Hybrid cloud has had a boost recently with the emergence of file/object environments that allow customers to operate a single namespace between on-premise and public cloud locations.
One of the pioneers here is Cloudian, which offers its HyperStore object storage-based environment with file-level access via NFS and/or CIFS, in HyperFile. The latter capability was first introduced last December in a partnership with Milan-based Infinity Storage and that has now been cemented by the acquisition by Cloudian of the Italian firm.
But, how exactly can file and object co-exist? After all, file systems bar simultaneous user access via file locking while object storage has no such mechanism.
Talking this week to Michael Tso, CEO, and Caterina Falchi, new on-board VP of file technologies at Cloudian, it was interesting to delve into how the two sides – file and object – relate to each other in Cloudian, and the limits that places on possible workloads.
There’s no doubt that what Cloudian offers is an exciting development that allows customers to operate with file or object access with a single namespace between on-premises locations and public cloud services from Amazon, Google and Microsoft. It’s part of an emerging class of products, that also include those from the likes of Scality, WekaIO, Qumulo and Elastifile.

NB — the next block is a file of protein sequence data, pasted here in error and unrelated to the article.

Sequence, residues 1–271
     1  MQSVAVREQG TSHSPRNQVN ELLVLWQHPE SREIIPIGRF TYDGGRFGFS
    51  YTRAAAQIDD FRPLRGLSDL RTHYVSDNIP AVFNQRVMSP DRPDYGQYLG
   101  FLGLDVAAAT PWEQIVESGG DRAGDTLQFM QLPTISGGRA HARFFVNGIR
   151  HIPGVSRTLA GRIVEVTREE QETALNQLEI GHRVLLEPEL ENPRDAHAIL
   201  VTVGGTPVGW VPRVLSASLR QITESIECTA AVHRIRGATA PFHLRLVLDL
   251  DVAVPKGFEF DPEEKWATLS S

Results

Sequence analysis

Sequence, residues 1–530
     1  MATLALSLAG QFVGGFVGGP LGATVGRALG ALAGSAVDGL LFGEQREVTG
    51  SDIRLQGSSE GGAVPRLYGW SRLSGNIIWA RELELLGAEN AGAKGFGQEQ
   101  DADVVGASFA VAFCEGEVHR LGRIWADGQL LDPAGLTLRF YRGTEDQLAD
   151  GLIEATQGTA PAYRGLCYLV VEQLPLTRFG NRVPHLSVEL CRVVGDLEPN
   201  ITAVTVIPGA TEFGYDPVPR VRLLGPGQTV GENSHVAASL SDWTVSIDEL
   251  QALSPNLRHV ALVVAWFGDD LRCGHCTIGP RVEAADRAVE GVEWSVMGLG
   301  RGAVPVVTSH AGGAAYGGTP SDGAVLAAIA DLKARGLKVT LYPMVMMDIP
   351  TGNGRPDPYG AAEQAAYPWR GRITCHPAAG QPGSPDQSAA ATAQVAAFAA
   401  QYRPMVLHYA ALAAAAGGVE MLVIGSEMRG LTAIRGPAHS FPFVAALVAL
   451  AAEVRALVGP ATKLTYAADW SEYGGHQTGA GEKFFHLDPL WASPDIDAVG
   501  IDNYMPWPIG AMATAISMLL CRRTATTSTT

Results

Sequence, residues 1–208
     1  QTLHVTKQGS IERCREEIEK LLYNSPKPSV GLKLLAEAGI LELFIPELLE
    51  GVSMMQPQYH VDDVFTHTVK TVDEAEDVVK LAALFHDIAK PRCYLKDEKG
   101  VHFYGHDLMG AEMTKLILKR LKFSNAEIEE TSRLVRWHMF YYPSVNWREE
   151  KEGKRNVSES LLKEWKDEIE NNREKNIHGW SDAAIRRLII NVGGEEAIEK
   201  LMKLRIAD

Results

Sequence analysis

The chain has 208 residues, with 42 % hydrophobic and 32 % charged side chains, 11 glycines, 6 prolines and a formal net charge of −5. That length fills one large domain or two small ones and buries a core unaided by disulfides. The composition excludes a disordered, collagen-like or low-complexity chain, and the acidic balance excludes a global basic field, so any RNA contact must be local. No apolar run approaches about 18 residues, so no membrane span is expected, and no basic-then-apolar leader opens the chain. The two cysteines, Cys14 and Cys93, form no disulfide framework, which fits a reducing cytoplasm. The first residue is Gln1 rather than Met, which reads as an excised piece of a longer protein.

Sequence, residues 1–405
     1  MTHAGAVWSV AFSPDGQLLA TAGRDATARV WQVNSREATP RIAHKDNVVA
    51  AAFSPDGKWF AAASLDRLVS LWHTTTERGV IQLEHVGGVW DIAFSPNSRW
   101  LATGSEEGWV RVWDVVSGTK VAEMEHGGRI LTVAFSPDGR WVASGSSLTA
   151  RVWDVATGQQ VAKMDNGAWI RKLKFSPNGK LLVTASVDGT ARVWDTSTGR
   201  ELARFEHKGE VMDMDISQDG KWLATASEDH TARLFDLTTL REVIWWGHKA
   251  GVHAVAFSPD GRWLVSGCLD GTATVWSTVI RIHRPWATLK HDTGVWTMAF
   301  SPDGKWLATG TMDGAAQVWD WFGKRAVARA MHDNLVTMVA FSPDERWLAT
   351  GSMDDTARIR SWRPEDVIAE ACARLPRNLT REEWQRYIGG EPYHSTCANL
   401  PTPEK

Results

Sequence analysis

The fundamentals of Cloudian are that data is kept as objects. “The ultimate version of the truth is object,” said Tso. And S3” is the protocol by which data stored as objects is communicated with.
Now there is file access via NFS and CIFS, but data is converted to object format behind this. File locking exists in NFS and CIFS but once data is in object format it can, in theory, be altered by more than one party at a time.
How will this be handled? Tso and Falchi say global file locking is on the roadmap, but for now, “There’s file locking from the file side,” says Tso. “But it’s not easy from the object side. That’s because we don’t want to change S3 standards that do not contain any locking mechanism. “It’s something we still debating if we need to do,” he added.
“We’ve not had any major issues,” says Tso. “People manage access at the application level. The only time it would be a problem if there was some incidental change in the flow, where you don’t expect someone to come in from a different interface.”
So, like Google drive or Dropbox, if someone has access at the same time then different versions are created.
From that, said Tso, use cases that are beyond the pale are, “Remote and branch office stuff, where people are collaborating, several people working on the same document making multiple edits at the same time.”
But, he said, Cloudian will work for Internet of Things data, file sharing, and media archives, and looks to customers that want to move,, “from tape or Isilon [Dell EMC’s scale-out NAS product]”.